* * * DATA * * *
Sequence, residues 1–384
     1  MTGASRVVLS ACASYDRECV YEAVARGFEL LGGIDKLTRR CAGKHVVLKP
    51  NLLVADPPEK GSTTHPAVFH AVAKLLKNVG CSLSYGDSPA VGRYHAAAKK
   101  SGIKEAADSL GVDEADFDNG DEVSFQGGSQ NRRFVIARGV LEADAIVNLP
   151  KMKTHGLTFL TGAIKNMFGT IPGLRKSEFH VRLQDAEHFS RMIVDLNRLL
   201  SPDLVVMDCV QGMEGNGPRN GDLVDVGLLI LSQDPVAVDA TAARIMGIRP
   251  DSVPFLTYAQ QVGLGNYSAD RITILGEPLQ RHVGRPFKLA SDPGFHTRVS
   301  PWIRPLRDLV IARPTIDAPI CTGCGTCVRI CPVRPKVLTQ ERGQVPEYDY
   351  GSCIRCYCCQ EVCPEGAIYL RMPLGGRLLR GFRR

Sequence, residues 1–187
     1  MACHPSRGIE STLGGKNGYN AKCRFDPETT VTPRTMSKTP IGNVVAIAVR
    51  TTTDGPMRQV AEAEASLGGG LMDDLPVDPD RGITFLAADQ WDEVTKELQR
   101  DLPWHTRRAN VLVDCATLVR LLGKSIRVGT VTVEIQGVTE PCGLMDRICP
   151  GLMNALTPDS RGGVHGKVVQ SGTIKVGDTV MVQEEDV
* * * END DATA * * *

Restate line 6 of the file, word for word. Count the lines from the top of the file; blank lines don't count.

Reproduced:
   201  SPDLVVMDCV QGMEGNGPRN GDLVDVGLLI LSQDPVAVDA TAARIMGIRP